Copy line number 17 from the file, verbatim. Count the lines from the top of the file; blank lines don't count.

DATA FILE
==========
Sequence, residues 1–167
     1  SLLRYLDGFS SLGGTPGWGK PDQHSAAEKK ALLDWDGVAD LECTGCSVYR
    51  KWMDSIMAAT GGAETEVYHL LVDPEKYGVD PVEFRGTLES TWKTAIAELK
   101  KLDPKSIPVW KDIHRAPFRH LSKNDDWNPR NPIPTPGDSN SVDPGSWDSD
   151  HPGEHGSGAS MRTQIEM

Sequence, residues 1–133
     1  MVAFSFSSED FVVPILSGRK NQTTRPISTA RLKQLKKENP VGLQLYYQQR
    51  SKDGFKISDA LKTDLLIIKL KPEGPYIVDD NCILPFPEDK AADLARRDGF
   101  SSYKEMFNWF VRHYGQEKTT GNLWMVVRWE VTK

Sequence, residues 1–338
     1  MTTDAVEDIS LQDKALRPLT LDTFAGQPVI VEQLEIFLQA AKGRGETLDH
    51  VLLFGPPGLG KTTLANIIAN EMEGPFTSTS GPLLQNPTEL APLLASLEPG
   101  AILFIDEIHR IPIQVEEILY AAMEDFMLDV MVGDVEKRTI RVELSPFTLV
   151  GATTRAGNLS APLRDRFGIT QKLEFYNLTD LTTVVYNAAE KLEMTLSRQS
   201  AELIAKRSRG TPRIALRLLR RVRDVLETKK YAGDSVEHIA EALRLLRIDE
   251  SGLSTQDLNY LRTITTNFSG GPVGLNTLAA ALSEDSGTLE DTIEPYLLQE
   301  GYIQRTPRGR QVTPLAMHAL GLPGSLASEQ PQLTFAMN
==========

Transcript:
   301  GYIQRTPRGR QVTPLAMHAL GLPGSLASEQ PQLTFAMN